Synopsis of the Friday Sermon delivered by Ameer Mustapha Elturk on Jan 25, 2013
Islam Iman & Ihsan (Part 4)
Today’s khutba is the fourth one in the series of khutbas delivered previously on the subject of Islam, iman, and ihsan, and will focus mainly on the topic of ihsan. What does the word ihsan mean? It means perfection or excellence. It is derived from the Arabic root letters ha-seen-noon (ح س ن). It conveys two meanings: (1) to do something good to someone else, and (2) to do something at the level of perfection or itqan. According to a hadith, “Allah loves to see one's job done at the level of itqan (perfection).” Some people have the misconception that ihsan is restricted to the modes of worship. As a matter of fact, ihsan implies doing anything fee sabilillah in the best possible way.. Read more
Synopsis of the Friday Sermon delivered by Ameer Mustapha Elturk on Jan 18, 2013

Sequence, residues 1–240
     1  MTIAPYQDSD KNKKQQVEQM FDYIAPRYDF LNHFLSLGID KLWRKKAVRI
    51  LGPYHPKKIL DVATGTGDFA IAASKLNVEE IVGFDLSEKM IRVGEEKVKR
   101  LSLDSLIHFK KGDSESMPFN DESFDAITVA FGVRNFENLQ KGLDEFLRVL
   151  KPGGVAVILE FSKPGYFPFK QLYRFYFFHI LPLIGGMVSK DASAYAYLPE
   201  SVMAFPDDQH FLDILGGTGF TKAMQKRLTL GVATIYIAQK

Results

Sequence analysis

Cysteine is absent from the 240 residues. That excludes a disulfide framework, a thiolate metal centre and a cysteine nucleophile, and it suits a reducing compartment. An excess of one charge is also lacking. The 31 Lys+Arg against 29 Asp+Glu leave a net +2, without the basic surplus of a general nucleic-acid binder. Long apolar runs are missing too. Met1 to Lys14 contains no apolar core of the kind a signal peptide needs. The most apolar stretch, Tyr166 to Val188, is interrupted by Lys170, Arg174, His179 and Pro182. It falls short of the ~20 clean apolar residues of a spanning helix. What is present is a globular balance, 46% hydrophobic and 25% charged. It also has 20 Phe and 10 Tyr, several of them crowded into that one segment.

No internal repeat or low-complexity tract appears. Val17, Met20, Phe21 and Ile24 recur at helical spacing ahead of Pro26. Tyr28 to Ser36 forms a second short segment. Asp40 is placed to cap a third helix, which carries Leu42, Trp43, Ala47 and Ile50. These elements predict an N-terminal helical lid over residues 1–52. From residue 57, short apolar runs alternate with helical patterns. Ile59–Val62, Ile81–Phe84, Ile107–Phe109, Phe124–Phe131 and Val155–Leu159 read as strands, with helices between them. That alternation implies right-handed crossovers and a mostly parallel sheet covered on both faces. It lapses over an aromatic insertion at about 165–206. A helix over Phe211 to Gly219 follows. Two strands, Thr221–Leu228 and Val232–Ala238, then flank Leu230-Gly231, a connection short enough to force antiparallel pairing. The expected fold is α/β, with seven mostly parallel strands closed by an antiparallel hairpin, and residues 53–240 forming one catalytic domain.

Islam Iman & Ihsan (Part 3)
Today’s khutba is a continuation of the previous khutba that discussed Hadith Jibril on the subject of Islam, iman, and ihsan. The discussion will focus on the topic of divine destiny or decree (qadar), which constitutes the sixth article of faith (iman). The concept of qadar, although philosophical and esoteric in nature, becomes less obscure and easier to understand when we take recourse to the abundant guidance provided on this subject in the Qur’an, the ahadith, and the sayings of the sahaba (athar)... Read more
Synopsis of the Friday Sermon delivered by Ameer Mustapha Elturk on Jan 4, 2013
Islam Iman & Ihsan (Part 2)